He joined Geelani in 1959 – and has stayed with him since. He says now, “I am a shadow of Geelani right from 1959. I have never gone to my home with the intention of not coming back. He is my Rehbar (leader) and I am his follower.”

Sehrai continues to be a lover of literature and poetry, but is not engaged in writing anymore because of his political engagements. Most of his writings and poems were published by Jamaat’s Azaan and Tulu magazines.

In 1965, when he was 22-years-old, Sehrai was jailed for the first time for “anti-government activities”. He was imprisoned in Srinagar Central Jail for about six months.

In jail, he started reading Kounsar Niyazi’s work Zaree Gul. He narrates an interesting story about how his name changed from Ashraf Ali to Ashraf Sehrai. He says laughing, “Geelani Sahab, Shah Wali Mohammad of Seelu, Sopore and I were lodged in Srinagar Central Jail. After reading Niyazi’s work, I wrote ‘Sehrai’ (floater). At this (sic) young age, I was thinking that what I am doing in a jail. I was also missing my parents and my home. That is why the word ‘Sehrai’ came to my mind. Shah Wali saw the name and exclaimed ‘Sehrai’ and showed it to Geelani Sahab. From then onwards I became Mohammad Ashraf Sehrai.”

Sehrai calls Geelani his Rehbar and also his brother. “I have never tried to compete with him. I cannot even think of competing with him,” he says.

Their strongest bond is the Kashmir movement. It has kept them together for 56 years. Their ideological bond continues to thrive and attracts the youth of Kashmir to both of them. Sehrai says ideology is the base of any movement.

In his views, the recent failure of talks between the two nuclear states - India and Pakistan - happened because the Kashmiris (the primary party to the dispute) were not included in the dialogue process. He also is a firm believer of intervention by a third party, like the United Nations or a neutral country - in the Kashmir dispute.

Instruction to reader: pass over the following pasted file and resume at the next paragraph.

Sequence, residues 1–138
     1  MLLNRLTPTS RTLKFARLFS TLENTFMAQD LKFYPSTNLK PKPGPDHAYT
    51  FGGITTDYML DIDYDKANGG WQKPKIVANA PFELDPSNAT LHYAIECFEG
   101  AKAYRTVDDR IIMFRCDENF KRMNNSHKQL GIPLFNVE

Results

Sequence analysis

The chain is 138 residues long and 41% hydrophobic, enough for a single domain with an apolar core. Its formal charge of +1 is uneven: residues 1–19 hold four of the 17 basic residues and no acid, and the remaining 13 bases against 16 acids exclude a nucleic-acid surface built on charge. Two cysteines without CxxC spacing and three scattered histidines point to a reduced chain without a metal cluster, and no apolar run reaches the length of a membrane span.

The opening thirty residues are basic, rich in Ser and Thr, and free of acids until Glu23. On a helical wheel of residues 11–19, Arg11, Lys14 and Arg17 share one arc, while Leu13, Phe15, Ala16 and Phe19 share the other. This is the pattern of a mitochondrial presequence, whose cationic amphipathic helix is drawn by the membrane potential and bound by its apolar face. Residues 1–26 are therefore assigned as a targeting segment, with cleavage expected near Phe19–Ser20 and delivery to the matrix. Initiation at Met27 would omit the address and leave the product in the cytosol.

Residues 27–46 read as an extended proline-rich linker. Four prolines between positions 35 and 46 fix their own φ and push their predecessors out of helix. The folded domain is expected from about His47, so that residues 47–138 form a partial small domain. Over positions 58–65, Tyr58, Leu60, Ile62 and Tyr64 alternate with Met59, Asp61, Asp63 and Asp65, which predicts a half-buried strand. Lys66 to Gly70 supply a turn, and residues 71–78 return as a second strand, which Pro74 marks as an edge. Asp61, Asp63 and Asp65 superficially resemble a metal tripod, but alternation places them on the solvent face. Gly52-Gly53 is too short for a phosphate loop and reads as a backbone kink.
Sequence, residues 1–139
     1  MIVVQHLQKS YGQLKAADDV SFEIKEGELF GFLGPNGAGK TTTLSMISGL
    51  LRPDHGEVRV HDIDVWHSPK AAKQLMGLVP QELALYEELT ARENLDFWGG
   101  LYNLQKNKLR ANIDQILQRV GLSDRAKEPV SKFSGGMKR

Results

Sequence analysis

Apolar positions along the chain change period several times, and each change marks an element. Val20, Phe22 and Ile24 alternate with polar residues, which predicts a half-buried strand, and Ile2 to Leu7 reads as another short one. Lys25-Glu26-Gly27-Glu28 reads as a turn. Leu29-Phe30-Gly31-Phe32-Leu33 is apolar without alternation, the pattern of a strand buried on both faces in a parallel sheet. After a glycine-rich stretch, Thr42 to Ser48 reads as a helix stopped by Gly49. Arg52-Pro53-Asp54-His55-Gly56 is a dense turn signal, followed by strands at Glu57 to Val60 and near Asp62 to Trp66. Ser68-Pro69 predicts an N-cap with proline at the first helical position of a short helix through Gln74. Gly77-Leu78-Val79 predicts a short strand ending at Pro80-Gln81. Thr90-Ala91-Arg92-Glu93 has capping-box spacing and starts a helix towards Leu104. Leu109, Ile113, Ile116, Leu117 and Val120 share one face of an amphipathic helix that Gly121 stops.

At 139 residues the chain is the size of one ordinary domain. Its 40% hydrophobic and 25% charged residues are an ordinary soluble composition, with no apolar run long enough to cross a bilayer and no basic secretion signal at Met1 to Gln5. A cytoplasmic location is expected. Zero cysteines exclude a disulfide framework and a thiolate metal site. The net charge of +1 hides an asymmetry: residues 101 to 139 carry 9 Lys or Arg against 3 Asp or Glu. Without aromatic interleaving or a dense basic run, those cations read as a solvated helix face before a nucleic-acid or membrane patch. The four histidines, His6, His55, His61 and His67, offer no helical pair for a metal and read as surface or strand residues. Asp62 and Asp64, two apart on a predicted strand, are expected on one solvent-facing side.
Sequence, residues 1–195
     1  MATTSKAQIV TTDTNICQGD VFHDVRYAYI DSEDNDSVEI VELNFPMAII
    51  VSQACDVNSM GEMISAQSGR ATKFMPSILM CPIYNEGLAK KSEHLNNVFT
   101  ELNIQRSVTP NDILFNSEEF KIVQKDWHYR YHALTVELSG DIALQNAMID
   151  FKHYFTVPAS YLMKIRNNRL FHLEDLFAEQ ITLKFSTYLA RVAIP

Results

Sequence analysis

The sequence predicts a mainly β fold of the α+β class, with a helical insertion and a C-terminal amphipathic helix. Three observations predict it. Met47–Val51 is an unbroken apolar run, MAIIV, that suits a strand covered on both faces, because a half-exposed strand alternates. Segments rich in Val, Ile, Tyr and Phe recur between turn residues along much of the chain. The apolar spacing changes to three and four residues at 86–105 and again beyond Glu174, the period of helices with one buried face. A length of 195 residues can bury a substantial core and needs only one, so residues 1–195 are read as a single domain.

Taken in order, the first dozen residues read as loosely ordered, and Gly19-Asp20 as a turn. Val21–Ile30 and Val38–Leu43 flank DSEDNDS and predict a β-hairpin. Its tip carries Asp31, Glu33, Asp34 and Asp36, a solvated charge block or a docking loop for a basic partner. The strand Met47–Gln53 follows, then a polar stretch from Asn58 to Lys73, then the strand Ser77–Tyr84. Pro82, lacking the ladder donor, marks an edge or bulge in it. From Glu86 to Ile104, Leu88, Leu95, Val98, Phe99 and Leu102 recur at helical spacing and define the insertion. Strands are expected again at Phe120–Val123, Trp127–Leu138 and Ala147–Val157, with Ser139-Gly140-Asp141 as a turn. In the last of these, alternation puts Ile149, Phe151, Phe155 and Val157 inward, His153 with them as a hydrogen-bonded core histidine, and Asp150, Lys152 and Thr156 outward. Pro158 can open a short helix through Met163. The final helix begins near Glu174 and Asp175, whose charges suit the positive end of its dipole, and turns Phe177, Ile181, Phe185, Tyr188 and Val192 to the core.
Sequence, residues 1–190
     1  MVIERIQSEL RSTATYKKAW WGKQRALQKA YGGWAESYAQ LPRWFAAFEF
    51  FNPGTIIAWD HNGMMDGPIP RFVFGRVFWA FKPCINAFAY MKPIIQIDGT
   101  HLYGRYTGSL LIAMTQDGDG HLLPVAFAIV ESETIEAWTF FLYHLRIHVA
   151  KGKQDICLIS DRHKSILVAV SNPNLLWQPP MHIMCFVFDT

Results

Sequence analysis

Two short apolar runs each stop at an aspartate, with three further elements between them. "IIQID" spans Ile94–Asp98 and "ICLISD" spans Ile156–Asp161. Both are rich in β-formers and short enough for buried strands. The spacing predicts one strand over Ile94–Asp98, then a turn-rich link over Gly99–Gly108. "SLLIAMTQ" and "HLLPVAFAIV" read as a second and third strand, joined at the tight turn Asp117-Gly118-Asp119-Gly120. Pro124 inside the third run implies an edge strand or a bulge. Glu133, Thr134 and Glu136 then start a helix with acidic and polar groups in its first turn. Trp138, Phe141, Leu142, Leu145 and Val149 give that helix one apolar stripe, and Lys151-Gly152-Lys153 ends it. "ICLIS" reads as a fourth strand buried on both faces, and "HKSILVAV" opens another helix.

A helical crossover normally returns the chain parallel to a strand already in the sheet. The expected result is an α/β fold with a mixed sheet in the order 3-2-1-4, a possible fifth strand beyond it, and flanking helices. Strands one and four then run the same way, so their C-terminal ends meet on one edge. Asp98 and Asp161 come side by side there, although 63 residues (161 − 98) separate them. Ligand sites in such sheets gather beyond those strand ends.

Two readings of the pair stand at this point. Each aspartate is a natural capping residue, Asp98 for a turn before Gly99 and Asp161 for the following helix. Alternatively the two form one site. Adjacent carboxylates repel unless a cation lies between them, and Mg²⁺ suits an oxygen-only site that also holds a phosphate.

Sehrai was one of the key Hurriyat leaders during the 2010 unrest in Kashmir. Many in Kashmir now think that the agitation in 2010 gave them nothing. But Sehrai views the failure of 2010 differently. He says, “There were some strategic mistakes on the part of the leadership like (sic) we gave long strike calls which disillusioned certain sections of Kashmir. I must say that 2010 was a collective failure for Kashmir.”

The other two main contenders in the Tehreek-e-Hurriyat to succeed Geelani are the hardcore Mohammad Qasim Faktoo (Asiya Andrabi’s husband), and Masarat Alam Bhat. Both of them are in jail, and may not be released soon. Many activists and cadre in the Tehreek-e-Hurriyat believe that Sehrai is a capable man, holds command and has a say among the masses. Since the other leaders are languishing in jail, he may be the likely successor of Geelani.But Sehrai says that if he ever has to succeed Geelani, it will be Gunah-e-Be’ lazath (Sin without a benefit) for him.

As a shy man, Sehrai has always avoided the limelight. This is why he is largely unknown in the glaring eye of the media and the public.

Writer

Daanish Bin Nabi Daanish Bin Nabi @daanishnabi

The writer is op-ed Editor at Rising Kashmir.

Comment